Getting a fix of a young Perec
Portrait of a Man By Georges Perec Translated and with an introduction by David Bellos Maclehose Press, 176pp, $29.99 (HB) Let’s ponder one of society’s more forgivable addictions. Readers are junkies. We cruise bookshops and libraries in search of our next fix. We fill shelves and bedside tables with books. We do so because we want to read those books, sure, but we also convince ourselves that we’re buying the time to read them.
One feature of the condition — this acceptable mania — is that we crave everything our favourite authors have written. We want that suitcase of manuscripts that Hadley Hemingway lost. We want incomplete works by Roberto Bolano and Vladimir Nabokov and David Foster Wallace. We believe we need the novel Harper Lee’s editor rejected more than 50 years ago.
Always out on the edge, pushing the boundaries of fiction and, therefore, offering us a fix we never knew we needed, French novelist Georges Perec (1936-82) remains one of the great curiosities of 20th century literature.
Author of the novels Things, A Void and Life A User’s Manual, Perec launched some of the most memorable and ambitious experiments within Oulipo, the “workshop of potential literature”, whose members include engineers, mathematicians and writers, among them Raymond Queneau and Italo Calvino. Perec is the legend who, suffering from writer’s block, challenged himself to compose a novel-length lipogram. The form requires omitting use of one or more letters. Across its 300 pages, A Void famously excludes the letter E, the literary equivalent, perhaps, of witnessing Jimi Hendrix perform and then set his guitar on fire at the Monterey Pop Festival.
More than 30 years after Perec’s death, we now have the chance to read his first, recently discovered novel. Believed lost for nearly a half century, Portrait of a Man contains elements that Perec explored throughout his work, including art forgery and a dialogue with the great works of literature, notably, here, Dostoyevsky’s Notes from Underground. Like much of Perec’s work, its playful and complex nature challenges our expectations (and occasionally our patience) as it favours puns and ideas over action in an attempt, and ultimately a failure in this case, to become a thriller.
Even the history of the novel’s long absence reads like a Perecian invention. Portrait of a Man was rejected in 1960 by French publisher Gallimard.
Perec then shifted his attention to Things: A Story of the Sixties (1965). Along with critical acclaim, Things made its author, in the words of Perec biographer and translator David Bellos, “a literary celebrity”. Royalties allowed Perec to move to a bigger apartment. During the transition he lost his early papers, including the manuscript of Portrait of a Man. Bellos found no trace of it in the author’s papers when he began writing his magisterial 1993 biography Georges Perec: A Life in Words. We see its presence and influence, however, in several of Perec’s subsequent books.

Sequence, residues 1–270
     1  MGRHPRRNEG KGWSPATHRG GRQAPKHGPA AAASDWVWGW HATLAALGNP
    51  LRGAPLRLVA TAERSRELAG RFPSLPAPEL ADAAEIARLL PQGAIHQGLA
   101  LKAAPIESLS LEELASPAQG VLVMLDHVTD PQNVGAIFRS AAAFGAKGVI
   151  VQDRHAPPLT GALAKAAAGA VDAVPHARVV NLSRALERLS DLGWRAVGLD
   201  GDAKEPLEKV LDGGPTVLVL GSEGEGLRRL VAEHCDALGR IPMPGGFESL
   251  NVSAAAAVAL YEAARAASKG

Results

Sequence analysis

Readers first caught reference to the “new” novel’s subject matter and main character, art forger Gaspard Winckler, in W, or the Memory of Childhood (1975). In Portrait of a Man, we finally get Winckler’s story. After leaving France for boarding school in Switzerland, he meets a painter who instructs him in the art of forgery. For cover, he takes a position as a restorer in a museum. A dozen years pass while Winckler perfects his craft. Encouraged by Anatole Madera, a kind of godfather of international dealers trading in forgeries, Winckler sets out to create an original work by Renaissance master Antonello da Messina.
The plot, simple on the surface, turns increasingly baroque. Perec offers the story twice, first in the form of a perspective-shifting stream-of-consciousness and later through dialogue. The first part, in particular, unfolds as though Perec is still mapping the novel’s design and intentions: “Gaspard the forger,” he writes. “The smith-slave. Gaspard the forger. Why a forger? How a forger? Since when a forger? He hadn’t always been a forger … ”
The rediscovery of Perec’s novel predates a more controversial find, Lee’s Go Set a Watchman. The fact To Kill a Mockingbird has been, for a half century, her sole novel imbues Lee with an elegant mythology.
Without the contrast of another work (until we can read Go Set a Watchman in July), she hasn’t run the risk of a diminished reputation. Perec’s own reputation rests on his curiosity. It will not suffer from the publication of Portrait of a Man, a novel that is, in Bellos’s words, admittedly “hard to follow” but that lays the foundation for the author’s later radical and often successful experimentations.
“Writing a novel is not like narrating something related directly to the real world,” Perec once said.
“It’s a matter of establishing a game between reader and writer. It’s related to seduction.” We find, here, a young Perec still in search of a form as he practises this art of seduction.
French novelist Georges Perec and his cat